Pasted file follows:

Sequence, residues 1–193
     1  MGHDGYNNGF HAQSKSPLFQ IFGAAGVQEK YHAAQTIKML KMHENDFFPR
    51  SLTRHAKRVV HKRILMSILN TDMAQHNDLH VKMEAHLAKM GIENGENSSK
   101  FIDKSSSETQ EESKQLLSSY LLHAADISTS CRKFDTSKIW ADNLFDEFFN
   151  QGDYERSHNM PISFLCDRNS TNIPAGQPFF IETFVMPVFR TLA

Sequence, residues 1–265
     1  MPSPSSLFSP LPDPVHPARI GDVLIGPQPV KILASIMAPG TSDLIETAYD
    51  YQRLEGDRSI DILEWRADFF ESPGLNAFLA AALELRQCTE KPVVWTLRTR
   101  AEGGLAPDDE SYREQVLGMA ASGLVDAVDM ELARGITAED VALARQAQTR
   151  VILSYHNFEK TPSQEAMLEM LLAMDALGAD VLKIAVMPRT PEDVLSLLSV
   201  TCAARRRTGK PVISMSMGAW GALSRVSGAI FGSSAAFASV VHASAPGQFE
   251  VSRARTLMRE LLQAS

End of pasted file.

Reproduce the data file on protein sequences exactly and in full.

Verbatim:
Sequence, residues 1–193
     1  MGHDGYNNGF HAQSKSPLFQ IFGAAGVQEK YHAAQTIKML KMHENDFFPR
    51  SLTRHAKRVV HKRILMSILN TDMAQHNDLH VKMEAHLAKM GIENGENSSK
   101  FIDKSSSETQ EESKQLLSSY LLHAADISTS CRKFDTSKIW ADNLFDEFFN
   151  QGDYERSHNM PISFLCDRNS TNIPAGQPFF IETFVMPVFR TLA

Sequence, residues 1–265
     1  MPSPSSLFSP LPDPVHPARI GDVLIGPQPV KILASIMAPG TSDLIETAYD
    51  YQRLEGDRSI DILEWRADFF ESPGLNAFLA AALELRQCTE KPVVWTLRTR
   101  AEGGLAPDDE SYREQVLGMA ASGLVDAVDM ELARGITAED VALARQAQTR
   151  VILSYHNFEK TPSQEAMLEM LLAMDALGAD VLKIAVMPRT PEDVLSLLSV
   201  TCAARRRTGK PVISMSMGAW GALSRVSGAI FGSSAAFASV VHASAPGQFE
   251  VSRARTLMRE LLQAS